How to just pick one?!? There are sooooo many! One of my favourites though is from my Tykes class (ages 12-24 months). With this age group it can sometimes feel a little bit like hearing kittens! But I always am reminding parents that even if their child isn’t actively participating in an activity they are still learning. One session I had a little guy who didn’t want to sit with the group during our lap play activities. He would always move away from the group to sit next to my prop cabinet (as he was very bright and knew that sensory play was the next section of class). This always concerned his Mom, but I just continued to promise her, even if he wasn’t bouncing with us he was learning. We had been singing a horse knee bounce game I created for the concept of Move and Stop. In the game I call out “Go!” and we bounce the tykes up and down on our knees while clucking a gallop rhythm with our tongues and then after an interval I will call out Stop! and we all stop. My goal is to eventually get the tykes to lead the game with the words Go and Stop. So this little guy who is always sitting by the props cabinet, suddenly cries out STOP! as we play the game (this was our 3rd week playing). So we all do. After a moment he calls out “Go!” so we all go! And this continues for the remainder of the game, him calling out the Go and Stop from the props corner! His mom was thrilled that he was engaging, in his own way, and thanked me for my persistence in allowing him to experience the class in the way he needed to learn. After this week he came and did the lap play games with us for the rest of the session 🙂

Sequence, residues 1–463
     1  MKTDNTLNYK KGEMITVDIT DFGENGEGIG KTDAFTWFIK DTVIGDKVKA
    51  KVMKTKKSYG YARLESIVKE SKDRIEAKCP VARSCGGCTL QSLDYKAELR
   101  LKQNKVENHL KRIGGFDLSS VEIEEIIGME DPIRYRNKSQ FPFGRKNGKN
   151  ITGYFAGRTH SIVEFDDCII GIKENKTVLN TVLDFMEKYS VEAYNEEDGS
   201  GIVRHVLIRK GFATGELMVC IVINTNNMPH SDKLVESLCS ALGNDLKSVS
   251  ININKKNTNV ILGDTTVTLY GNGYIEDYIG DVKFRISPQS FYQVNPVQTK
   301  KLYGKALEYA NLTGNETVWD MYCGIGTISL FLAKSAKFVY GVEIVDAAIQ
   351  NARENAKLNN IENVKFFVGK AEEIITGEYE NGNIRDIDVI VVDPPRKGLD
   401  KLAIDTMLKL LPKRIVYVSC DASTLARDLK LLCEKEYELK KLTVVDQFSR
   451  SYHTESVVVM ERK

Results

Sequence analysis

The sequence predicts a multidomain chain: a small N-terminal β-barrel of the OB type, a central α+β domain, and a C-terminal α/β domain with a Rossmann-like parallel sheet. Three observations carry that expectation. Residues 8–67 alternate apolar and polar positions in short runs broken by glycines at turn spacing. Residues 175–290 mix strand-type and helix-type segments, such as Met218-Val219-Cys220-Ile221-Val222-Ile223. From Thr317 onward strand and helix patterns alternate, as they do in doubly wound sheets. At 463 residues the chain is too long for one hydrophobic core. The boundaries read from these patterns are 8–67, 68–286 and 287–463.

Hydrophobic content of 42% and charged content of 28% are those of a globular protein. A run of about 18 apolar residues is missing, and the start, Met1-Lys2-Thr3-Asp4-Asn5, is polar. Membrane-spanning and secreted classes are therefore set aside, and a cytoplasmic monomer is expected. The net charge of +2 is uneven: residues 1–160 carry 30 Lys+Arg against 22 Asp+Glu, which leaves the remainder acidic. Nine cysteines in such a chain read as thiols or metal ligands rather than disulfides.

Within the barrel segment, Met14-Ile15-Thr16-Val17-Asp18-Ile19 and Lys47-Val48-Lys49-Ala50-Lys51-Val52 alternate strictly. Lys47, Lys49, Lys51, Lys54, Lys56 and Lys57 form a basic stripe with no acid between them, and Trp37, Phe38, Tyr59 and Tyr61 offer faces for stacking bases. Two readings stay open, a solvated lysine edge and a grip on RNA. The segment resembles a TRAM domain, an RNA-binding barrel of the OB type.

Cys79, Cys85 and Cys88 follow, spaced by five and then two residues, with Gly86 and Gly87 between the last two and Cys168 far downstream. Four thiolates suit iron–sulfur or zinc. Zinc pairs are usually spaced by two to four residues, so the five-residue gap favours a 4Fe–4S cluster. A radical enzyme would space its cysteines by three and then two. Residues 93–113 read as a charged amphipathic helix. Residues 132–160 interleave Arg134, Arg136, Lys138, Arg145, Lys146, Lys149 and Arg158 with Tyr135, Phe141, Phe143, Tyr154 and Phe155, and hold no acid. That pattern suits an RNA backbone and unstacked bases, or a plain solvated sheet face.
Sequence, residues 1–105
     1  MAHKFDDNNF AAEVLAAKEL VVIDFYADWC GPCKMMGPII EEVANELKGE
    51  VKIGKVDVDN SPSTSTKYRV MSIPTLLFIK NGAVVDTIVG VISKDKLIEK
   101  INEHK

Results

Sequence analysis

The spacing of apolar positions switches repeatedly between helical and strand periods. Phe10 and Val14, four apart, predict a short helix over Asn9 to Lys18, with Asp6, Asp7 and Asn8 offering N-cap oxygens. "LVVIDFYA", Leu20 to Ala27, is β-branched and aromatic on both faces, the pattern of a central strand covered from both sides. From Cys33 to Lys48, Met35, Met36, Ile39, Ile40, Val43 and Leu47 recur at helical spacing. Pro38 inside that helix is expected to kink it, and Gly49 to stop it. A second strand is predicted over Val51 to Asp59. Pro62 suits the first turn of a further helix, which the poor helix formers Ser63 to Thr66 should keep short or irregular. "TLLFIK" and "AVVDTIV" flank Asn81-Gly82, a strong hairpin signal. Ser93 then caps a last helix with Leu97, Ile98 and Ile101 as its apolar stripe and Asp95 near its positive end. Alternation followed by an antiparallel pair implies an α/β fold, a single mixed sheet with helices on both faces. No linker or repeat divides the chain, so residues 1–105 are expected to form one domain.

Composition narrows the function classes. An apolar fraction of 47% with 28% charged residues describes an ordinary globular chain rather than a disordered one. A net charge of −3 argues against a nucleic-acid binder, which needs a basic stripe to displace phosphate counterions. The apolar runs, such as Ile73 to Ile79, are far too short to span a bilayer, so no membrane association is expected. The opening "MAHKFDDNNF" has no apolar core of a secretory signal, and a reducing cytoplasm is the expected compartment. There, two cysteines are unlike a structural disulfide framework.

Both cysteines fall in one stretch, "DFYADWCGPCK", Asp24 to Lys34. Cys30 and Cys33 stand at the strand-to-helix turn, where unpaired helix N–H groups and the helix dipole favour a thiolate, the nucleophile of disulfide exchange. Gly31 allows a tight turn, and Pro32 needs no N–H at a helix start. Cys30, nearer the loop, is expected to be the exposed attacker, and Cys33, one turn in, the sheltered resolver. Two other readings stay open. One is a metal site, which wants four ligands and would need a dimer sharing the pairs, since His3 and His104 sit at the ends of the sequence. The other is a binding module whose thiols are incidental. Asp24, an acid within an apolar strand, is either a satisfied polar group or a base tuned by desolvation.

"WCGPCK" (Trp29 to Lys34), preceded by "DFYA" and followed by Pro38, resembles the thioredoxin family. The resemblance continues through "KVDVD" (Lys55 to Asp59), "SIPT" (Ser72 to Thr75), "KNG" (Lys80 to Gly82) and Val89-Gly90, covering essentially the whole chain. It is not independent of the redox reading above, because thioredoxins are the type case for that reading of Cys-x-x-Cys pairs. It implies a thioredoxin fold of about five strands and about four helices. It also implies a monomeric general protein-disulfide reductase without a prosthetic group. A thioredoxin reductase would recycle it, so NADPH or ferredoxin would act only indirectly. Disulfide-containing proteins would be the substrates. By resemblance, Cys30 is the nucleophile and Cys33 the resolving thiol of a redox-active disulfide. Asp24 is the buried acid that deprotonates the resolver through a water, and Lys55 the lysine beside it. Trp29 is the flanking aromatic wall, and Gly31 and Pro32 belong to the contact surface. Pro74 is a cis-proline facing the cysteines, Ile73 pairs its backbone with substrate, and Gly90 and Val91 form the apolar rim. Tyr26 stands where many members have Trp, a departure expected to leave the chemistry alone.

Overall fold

Teachers of young children need a pocket full of management techniques and tricks to keep things on track. What is one trick in your pocket that almost never fails?
PLAN YOUR TRANSITIONS! I plan my transitions to the same extent I plan my actual lesson plan activities. Each transition is a song, rhyme, or little game. This keeps the children (and parents) fully engaged and on task. The class activities flow from one to the next. Never under estimate the power of a good clean up or circle song!
Since teachers continue to learn too, what is one teaching goal that you are working towards?